On Stumbling on Happiness

I recently finished reading Stumbling on Happiness by Daniel Gilbert. As the author best words it: “Despite the third word in the title, this is not an instruction manual that will tell you anything useful about how to be happy…Instead, this is a book that describes what science has to tell us about how and how well the human brain can imagine its own future, and about how and how well it can predict which of those futures it will most enjoy…Weaving together facts and theories from psychology, cognitive neuroscience, philosophy, and behavioral economics, this book allows an account to emerge that I personally find convincing but whose merits you will have to judge for yourself.”

Daniel ends the book on the following note: “There is no simple formula for finding happiness. But if our great big brains do not allow us to go surefootedly into our futures, they at least allow us to understand what makes us stumble.”

A very highly recommended read for anyone trying to better understand how we remember our past, see our present and imagine our future. A truly creative masterpiece.

Below are excerpts from the book that I found particularly insightful:

1- “We insist on steering our boats because we think we have a pretty good idea of where we should go, but the truth is that much of our steering is in vain – not because the boat won’t respond, and not because we can’t find our destination, but because the future is fundamentally different than it appears through the prospectiscope.”

2- “Happiness refers to feelings, virtue refers to actions, and those actions can cause those feelings. But not necessarily and not exclusively.”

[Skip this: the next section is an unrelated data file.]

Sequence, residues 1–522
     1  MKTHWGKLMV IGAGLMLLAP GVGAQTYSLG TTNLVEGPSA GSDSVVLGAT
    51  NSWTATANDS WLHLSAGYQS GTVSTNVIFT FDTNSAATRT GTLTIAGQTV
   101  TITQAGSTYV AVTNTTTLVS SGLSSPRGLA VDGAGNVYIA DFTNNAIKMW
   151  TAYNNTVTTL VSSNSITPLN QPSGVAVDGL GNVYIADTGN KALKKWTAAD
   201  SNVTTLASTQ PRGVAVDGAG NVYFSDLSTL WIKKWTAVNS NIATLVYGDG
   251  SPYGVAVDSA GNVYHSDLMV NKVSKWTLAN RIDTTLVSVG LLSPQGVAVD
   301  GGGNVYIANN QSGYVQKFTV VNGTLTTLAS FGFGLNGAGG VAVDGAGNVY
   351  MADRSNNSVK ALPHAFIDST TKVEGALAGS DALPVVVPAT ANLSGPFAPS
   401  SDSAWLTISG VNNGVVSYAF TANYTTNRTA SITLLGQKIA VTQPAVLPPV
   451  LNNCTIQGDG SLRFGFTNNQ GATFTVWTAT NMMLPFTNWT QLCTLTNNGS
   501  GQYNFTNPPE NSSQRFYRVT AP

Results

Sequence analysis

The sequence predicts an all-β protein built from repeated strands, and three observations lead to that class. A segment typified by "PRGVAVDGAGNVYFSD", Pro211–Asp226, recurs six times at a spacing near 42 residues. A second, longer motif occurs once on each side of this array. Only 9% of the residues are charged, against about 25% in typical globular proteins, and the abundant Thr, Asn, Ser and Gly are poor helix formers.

3- “Our experiences instantly become part, present, and future, and like any lens, they shape and distort what we see. This lens is not like a pair of spectacles that we can set on the nightstand when we find it convenient to do so but like a pair of contacts that are forever affixed to our eyeballs with superglue.”

4- “…the act of remembering involves “filling in” details that were not actually stored; and second, we generally cannot tell when we are doing this because filling in happens quickly and unconsciously.”

5- “When they (people) are asked to judge the dissimilarities…they tend to look for the presence of dissimilarities and ignore the absence of dissimilarities.”

6- “The problem isn’t that our brains fill in and leave out…No, the problem is that they do this so well that we aren’t aware it is happening. As such, we tend to accept the brain’s products uncritically and expect the future to unfold with the details – and with only the details – that the brain has imagined.”

7- “…most of us have a tough time imagining a tomorrow that is terribly different from today, and we find it particularly difficult to imagine that we will ever think, want, or feel differently than we do now.”

8- “We cannot feel good about an imaginary future when we are busy feeling bad about an actual present. But rather than recognizing that this is the inevitable result of the Reality First policy, we mistakenly assume that the future event is the cause of the unhappiness we feel when we think about it.”

9- “…if we want to predict how something will make us feel in the future, we must consider the kind of comparison we happen to be making in the present.”

10- “A healthy psychological immune system strikes a balance that allows us to feel good enough to cope with our situation but bad enough to do something about it.”

11- “Because we tend to remember the best of times and the worst of times instead of the most likely times, the wealth of experience that yound people admire does not always pay clear dividends.”

12- “This tendency to think of ourselves as better than others is not necessarily a manifestation of our unfettered narcissism but may instead be an instance of a more general tendency to think of ourselves as different from others – often for better but sometimes for worse.”

Regards,

Omar Halabieh

Stumbling on Happiness

Stumbling on Happiness

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